Tory press side with the rich over Labour’s ‘war on non-doms’

Bogus fears of rich people fleeing the country reveal the newspapers' class allegiances

 

While the Conservative party, via the blimpish figure of defence secretary Michael Fallon, aims its guns at Labour’s (actually settled) position on Trident, the Tory press has mobilised its heavy weapons against Labour’s pledge to tax non-domiciles if elected in May. But the papers’ efforts are hampered by some massive contradictions, not to say hypocrisies, and inadvertently reveal their class allegiances.

Last night’s free Evening Standard ran with ‘London backlash over Ed’s non-dom attack’ on its front page, telling commuters that ‘furious business chiefs’ were accusing Miliband of ‘risking London’s global success’ by driving away the rich.

Standard non-doms

Today’s Telegraph front page yells that Labour’s policy could ‘spark an exodus’ of tens of thousands of entrepreneurs, while its editorials warn Labour’s war on non-doms could ‘cost Britain dear’.

The coverage also stresses that there is already an annual levy that non-doms have to pay, introduced by the Labour party in 2008 at £30,000 per year, with George Osborne in December saying he’ll raise to up to £90,000. (The Telegraph even suggests Labour stole the idea of a levy from Osborne in the first place.)

But this accidentally raises the question: why didn’t the annual levy cause non-doms to flee the country? Was the Tory chancellor also showing ‘contempt for wealth creation’ when he pledged to treble the charge four months ago?

At the same time, the papers say Labour’s tax plan won’t raise much money anyway. Well, if that’s the case, why say non-doms will leave Britain to avoid paying it?

Another bizarre part of the attack has been the claim these 114,000 non-dom pay billions in taxes into the treasury already – £8.2billion in 2012/13, or the equivalent of all the tax revenues for 10 million lower-band taxpayers. As the Daily Mail leader column puts it, “more than treble the £2.3billion contribution made by the 25 per cent lowest income tax payers.”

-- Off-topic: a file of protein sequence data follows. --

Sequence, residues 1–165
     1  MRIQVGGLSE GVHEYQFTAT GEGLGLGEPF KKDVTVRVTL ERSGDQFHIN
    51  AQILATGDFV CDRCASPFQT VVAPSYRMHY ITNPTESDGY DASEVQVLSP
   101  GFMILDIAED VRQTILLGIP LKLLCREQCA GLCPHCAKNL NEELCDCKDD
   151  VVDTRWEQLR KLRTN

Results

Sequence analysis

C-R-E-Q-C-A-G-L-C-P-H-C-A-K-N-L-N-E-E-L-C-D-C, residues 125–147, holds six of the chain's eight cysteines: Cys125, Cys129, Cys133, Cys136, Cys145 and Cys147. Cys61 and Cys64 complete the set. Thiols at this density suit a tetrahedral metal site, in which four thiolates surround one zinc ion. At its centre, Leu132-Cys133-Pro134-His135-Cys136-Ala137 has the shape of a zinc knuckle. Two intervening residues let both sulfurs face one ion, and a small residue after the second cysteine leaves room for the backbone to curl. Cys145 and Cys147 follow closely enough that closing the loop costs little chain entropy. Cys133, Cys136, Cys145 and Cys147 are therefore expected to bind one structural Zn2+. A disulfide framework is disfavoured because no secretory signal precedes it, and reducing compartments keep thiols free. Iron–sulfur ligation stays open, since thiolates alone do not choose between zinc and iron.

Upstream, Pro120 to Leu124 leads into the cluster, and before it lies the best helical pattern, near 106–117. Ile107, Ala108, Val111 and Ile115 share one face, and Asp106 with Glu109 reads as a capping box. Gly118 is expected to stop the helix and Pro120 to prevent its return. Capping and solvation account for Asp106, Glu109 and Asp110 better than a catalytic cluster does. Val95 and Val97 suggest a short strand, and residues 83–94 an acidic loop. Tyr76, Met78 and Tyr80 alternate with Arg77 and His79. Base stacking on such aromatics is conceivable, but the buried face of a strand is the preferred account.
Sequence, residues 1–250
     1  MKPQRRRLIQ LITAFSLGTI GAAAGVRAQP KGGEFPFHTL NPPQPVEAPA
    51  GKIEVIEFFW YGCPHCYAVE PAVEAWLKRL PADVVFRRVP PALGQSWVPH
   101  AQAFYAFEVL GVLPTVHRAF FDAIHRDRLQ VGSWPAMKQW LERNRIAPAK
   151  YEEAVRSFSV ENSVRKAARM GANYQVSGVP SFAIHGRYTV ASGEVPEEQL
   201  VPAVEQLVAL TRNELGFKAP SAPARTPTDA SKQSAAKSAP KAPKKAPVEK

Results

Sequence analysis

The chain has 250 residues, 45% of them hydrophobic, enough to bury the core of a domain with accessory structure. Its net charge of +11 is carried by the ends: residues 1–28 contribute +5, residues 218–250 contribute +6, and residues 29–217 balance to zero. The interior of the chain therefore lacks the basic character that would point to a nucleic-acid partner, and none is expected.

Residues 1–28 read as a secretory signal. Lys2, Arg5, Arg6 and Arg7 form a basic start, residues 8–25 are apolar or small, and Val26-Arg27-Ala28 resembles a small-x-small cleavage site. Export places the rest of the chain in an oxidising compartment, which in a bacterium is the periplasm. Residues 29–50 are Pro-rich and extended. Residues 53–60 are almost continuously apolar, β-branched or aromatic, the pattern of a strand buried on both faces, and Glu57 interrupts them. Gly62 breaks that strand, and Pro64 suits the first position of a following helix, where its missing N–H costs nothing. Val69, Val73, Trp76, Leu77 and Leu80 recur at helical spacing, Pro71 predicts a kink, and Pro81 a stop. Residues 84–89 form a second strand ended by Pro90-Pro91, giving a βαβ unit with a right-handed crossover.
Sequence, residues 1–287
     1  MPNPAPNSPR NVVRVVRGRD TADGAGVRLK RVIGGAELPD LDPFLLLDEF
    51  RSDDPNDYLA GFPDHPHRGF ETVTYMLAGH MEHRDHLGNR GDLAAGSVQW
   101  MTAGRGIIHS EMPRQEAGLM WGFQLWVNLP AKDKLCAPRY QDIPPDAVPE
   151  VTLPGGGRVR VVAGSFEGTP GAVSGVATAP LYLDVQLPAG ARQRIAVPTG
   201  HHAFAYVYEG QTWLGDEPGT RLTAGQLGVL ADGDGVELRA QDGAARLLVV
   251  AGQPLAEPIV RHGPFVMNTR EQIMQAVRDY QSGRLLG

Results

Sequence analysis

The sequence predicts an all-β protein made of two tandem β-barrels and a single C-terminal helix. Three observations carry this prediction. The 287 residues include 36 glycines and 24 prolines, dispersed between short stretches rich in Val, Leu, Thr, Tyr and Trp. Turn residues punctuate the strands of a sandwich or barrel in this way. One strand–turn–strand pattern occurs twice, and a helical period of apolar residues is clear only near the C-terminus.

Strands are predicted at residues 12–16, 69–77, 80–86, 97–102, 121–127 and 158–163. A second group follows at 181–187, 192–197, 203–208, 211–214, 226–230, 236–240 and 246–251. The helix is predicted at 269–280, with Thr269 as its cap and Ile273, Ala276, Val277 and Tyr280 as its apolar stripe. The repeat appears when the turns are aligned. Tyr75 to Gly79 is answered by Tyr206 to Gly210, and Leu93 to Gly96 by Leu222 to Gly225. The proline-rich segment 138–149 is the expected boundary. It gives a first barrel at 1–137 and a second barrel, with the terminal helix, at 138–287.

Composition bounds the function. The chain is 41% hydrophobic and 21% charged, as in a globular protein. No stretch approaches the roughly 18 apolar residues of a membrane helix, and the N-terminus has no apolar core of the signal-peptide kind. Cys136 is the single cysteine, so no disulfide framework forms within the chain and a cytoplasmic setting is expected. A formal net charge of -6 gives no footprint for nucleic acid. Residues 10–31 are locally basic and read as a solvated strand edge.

The Telegraph broadened the scope:

“Moreover, to say that the rich don’t pay their ‘fair share’ is confounded by the fact that nearly 30 per cent of income tax comes from the top 1 per cent of earners.”

Ah, the poor old 1 per cent! Occasionally, the Tory press lets slip their worship of wealth and resentment of progressive taxation. Some of us still believe people who have more should pay more. 

Speaking of the Daily Mail, it’s very interesting that the paper stops short of joining the Sun in criticising the ‘ridiculous’ hereditary passing-on of non-dom status from parent to child. On an unrelated note, in January Private Eye reported that Daily Mail chairman Jonathan Harmsworth, 4th Viscount Rothermere, who inherited non-dom status from his father, channelled hundreds of thousands of pounds worth of dividends through a trust registered in Bermuda.

Predictably, Labour’s proposal has earned it fiery editorials in the Tory press, (in marked contrast to the papers’ support for taking money away from poor people). The Telegraph writes: “If Mr Miliband is prepared to kill the golden goose for a cheap election stunt he is even less qualified to run this country than we thought.”

The Mail said “the Labour leader is playing a dangerous, disingenuous and dishonest game“, while the Sun said Miliband

“doesn’t give a damn if it works for Britain as long as it sounds good for Labour. […] What’s crucial to Miliband is securing Labour votes with his absurd pose as a class warrior against the rich.”

What they keep missing is that Ed Miliband is willing to adopt policies that risk upsetting his party’s doners, (some of whom are non-doms), if he thinks they will appear fair to the electorate. As these strange responses show, it’s not Miliband’s ‘class warrior pose’ but progressive politics itself the Tory press considers absurd.

Adam Barnett is a staff writer at Left Foot Forward. Follow MediaWatch on Twitter

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